In case you hadn’t seen this announcement in my Twitter stream – there are a number of writing fellowships available for US medical students and residents. (Bloggers and those heavily engaged in social media are preferred.) Join The American Resident Project Writing Fellows in brainstorming about how to make the healthcare system better for future generations. Fellowships are awarded on a rolling basis. Opportunities for travel are included. From their website:
The American Resident Project is a platform for future physician leaders – medical students, residents and physicians newly in practice – to connect, explore ideas for transforming American health care delivery, and exchange these views with other health care providers and opinion leaders across the country.
Sponsored by ThinkWellPoint, The American Resident Project focuses on key issues affecting today’s frontline physician workforce, including:
New care coordination models
Strategies for patient engagement
Innovations in health technology
Join our growing community, lend your voice and share your ideas on these and other important topics shaping the future of health care delivery in America.
I will be playing a mentorship role in the program going forward, and look forward to meeting some of my young Writing Fellows in the near future!
Apply for the fellowship here.
Sheril Kirshenbaum, research associate at the University of Texas Austin’s Center for International Energy & Environmental Policy, blogged this week under the headline, “Battle Hymn of the Science Journalist.” Excerpt:
There are many excellent science journalists who inhabit the blogosphere and those mainstream news outlets that still feature science sections. These talented individuals want to share your story, your research, and they appreciate and value what you do.
However, there are also a lot of horrible journalists making the rest of us look bad.. Writers who care less about getting it right, and more about trumping up controversy. Journalists whose headlines are notoriously misleading or false. Some Read more »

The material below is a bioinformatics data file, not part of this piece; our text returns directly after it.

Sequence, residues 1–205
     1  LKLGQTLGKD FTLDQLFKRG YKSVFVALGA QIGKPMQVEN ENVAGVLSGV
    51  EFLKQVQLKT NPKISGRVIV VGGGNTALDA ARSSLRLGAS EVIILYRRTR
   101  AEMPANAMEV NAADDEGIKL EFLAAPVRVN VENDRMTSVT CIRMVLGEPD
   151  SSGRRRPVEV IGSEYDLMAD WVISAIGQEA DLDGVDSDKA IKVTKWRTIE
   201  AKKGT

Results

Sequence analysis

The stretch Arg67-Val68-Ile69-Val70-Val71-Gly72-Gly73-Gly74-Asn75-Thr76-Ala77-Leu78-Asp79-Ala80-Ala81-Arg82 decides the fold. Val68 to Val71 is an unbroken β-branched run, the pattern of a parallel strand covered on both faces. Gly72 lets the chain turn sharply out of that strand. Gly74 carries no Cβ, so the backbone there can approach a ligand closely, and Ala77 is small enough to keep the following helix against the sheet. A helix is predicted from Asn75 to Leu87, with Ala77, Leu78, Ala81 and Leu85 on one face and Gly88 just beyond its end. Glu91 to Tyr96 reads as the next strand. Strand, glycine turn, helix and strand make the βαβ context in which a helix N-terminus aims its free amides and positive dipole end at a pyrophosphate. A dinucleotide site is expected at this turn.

*This blog post was originally published at Gary Schwitzer's HealthNewsReview Blog*
I can’t find it now, but on one of our posts somewhere MovieDoc has stated that doctors can never ethically write about their patients since they are incapable of giving truly informed consent. Besides the obvious “huh?’ response I have to the idea that patients aren’t capable of making decisions like this, I question the basic assumption that this should never happen.
The medical literature is replete with published anonymized case studies of patients with various maladies. For psychiatry in particular, early psychiatric classification was based on longitudinal descriptions of diseases. If it weren’t for the early case descriptions of Kaposi’s sarcoma in gay men published in the 1980′s, AIDS would not have been identified as a new disease. Case studies can and should be published to advance medical science. Read more »
*This blog post was originally published at Shrink Rap*
A vital aspect of participatory medicine is helping patients learn how to participate. This week I saw a great example of someone who’s doing it right. Here’s the story, including the patient aid for download.
We hear a lot about “patient-centered”: patient-centered care, patient-centered thinking, everything. Frankly, a lot of it strikes me as patient-centered paternalism: people mean well, but patients sense that the thinking didn’t happen while standing in patients’ shoes, because the advice, policies, and publications just don’t hit home. It’s like somebody guessed what you want, instead of knowing (because they’re like you).
A couple of years ago I learned about Planetree, a terrific, small organization in Connecticut that’s been thinking from the patient’s point of view for thirty three years. (Yes, since 1978. Why are they not better known??)
This week I attended a live webcast at a “Planetree designated” hospital, Griffin Hospital, in Derby CT, produced by HealthLeaders Media. When somebody’s truly patient centered, you rarely hear a puzzled “Do people really need that?” or “Isn’t this good enough?”, because they start with what patients want. (See founders’ story at bottom.)
A great example is this booklet about CHF (congestive heart failure), which Griffin Hospital was kind enough to share. (Click the image to download the entire PDF, (1.7MB).) In my day job I did a bit of instructional development, so I can appreciate how well this was done: the “to-do” items are clearly presented, with NO extraneous explanation, and top-class use of icons and images. It’s all essential information, clearly presented, and nothing else. It’s what you need to do to succeed as a patient. Read more »
*This blog post was originally published at e-Patients.net*